Stop me if you’ve heard this one.  An Athenian, a Spartan and a Cretan walk into Hades….   The Laws, while ostensibly about the creation of a perfect city, like Plato’s other dialogues, it is also about the desire for wisdom, and, more specifically, the possibility of knowing and being reconciled with the Good or the divine.  In this dialogue, the emphasis on achieving such a reconciliation is specifically highlighted.  The conversation takes place as three older men make a pilgrimage to the birth site of Zeus – a trek that Minos, the mythical founder of Crete, allegedly made every nine years, to receive oracles that inspired the Laws of his city. After his death, Minos became one of the rulers of the underworld.  Seeking Zeus, these elderly men follow the path of Minos, resting regularly under Cypress trees, trees that symbolize mourning. It is not a far stretch to realize that the new city they imagine they are building speaks to more than just a new colony in Crete. It speaks to their desire and hope that in their deaths they might arrive at the destination of their pilgrimage – a life commensurate with the divine.

All of which helps explain some of the stranger things that the Athenian stranger insists are necessary for the new colony to be founded in Crete. Such as proclaiming that the laws of the city should be based on the number 5040 because it can be divided into so many particular parts, just as one might imagine that the universal manifests itself in the many particulars of the finite world.

 In addition to a number of strange and often tedious details, the Athenian also makes several arguments that most would say are more than just historical anachronisms, but in addition are unfair and unjust.  For instance, when declaring that women must eat their meals in open with everyone else, the Athenian declares that this will help cure the problem of their  cunning and secretive natures (781a). Further, he goes on to restrict the sexual lives of the imaginary citizens to those between men and women who have the intent of producing children, procluding same sex relationships and even birth control (838e-839b).  One can imagine how these lines could become justification for rolling back hard won gains in human rights.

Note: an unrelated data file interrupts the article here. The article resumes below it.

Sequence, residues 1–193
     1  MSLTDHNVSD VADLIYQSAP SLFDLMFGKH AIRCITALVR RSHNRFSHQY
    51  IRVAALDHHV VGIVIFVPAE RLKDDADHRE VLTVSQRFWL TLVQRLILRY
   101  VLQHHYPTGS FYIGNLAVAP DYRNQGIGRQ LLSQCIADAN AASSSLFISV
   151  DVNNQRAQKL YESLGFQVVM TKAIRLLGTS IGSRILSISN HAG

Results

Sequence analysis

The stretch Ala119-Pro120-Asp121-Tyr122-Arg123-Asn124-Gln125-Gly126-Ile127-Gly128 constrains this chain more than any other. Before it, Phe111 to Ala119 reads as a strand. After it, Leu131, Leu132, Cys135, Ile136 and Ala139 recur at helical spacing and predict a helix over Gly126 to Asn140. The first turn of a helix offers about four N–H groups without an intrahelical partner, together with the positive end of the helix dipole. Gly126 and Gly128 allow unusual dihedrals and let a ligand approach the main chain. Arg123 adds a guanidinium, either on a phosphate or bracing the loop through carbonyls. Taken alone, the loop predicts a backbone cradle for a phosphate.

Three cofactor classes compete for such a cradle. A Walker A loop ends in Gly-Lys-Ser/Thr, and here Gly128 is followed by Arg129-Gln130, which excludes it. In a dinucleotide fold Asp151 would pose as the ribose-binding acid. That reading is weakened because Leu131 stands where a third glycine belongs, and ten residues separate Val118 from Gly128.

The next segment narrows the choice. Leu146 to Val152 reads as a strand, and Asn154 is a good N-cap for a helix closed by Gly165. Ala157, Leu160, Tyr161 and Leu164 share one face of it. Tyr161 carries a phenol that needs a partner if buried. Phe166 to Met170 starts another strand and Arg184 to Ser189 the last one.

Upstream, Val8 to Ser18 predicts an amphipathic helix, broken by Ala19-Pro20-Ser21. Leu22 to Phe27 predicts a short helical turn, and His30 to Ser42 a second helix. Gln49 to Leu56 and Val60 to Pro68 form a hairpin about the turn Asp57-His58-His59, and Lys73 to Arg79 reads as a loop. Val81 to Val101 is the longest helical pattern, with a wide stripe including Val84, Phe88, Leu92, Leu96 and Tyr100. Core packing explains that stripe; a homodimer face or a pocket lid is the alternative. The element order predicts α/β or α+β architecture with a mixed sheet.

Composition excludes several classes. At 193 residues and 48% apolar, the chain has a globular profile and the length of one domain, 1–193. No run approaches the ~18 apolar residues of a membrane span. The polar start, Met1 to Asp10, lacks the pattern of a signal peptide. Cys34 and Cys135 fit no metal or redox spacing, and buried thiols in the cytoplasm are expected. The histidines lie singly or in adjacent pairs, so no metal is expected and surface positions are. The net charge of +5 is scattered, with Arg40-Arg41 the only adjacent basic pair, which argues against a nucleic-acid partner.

Yet, when these arguments are looked at from the understanding that Plato is actually speaking about the possibility of mediating a human life with the divine, a different story appears.  Having women as well as men share in public, common meals, the Athenian is suggesting that what is private (as the lives of women are conventionally held to be in Greece) should be made public or brought out into the open. Specifically, our hunger should be satisfied by a public or, more truly, a universal source.  

On one level then the Athenian is not speaking about women at all. He is talking about the desire for wisdom, and suggesting that the city must play a role in mediating or satisfying this hunger.  Philosophy should not be relegated to a a few courses while at university and then tucked away until you need a pretentious bon mot at a party.  It should instead be the true work of our lives and the lives of our political leaders.  Speaking of women, the Athenian says that they must “be dragged into the light”(781d), indicating that our innermost desires will only be satisfied by the light of knowledge.  A city that can frame itself in the most true and just laws can play a role in mediating our hunger for what is truly universal.

Further, when taking up the sexual lives of future citizens, the Athenian describes the purpose of having children as partaking in “the eternal coming-into-being of nature.” And while having children is one way described as participating in the life of the divine creator, in the Symposium we are told by Socrates (who says he was taught this by a woman) that there are ways by which one can give birth. Specifically, intercourse as discourse and dialogue gives birth to greater wisdom and understanding. 

So again, it seems that the Athenian is not really that concerned with same sex relationships or birth control. The fertility that is ultimately sought might be achieved by these three elderly men just as it might be between a young man and a young woman because what is at issue is wisdom.  The key, it seems, is that the dialogue has to be between people who are other than themselves for something to be born.  A conversation with someone who holds all the same opinions and biases won’t lead to knowledge, it will merely confirm your prejudices. Instead, there has to be space and willingness to engage with people who are different – those of the opposite sex, people of different sexual orientations, people from different cultures (like an Athenian, a Spartan and a Cretan), and people from different religions. After all, the knowledge Plato believes we seek is in some fundamental way “other” than we are, just as the divine is other than the human.

None of this is to suggest that Plato was a feminist or LGBTQIA activist.  If he is to be faulted, however, it might be because he did not really consider these things to be the essential issue and used them instead as an images for what he took to be a universal human concern.  Yet, if we follow his argument and engage seriously in the quest for wisdom, we would discover that the very practical concerns of our lives, such as our particular freedoms,  have grounding in what is true and just.

If you want to join a fun and engaging conversation about Plato, please check out my online discussion course, The Socrates Who Does (Not) Know, coming up in April at Great Discourses.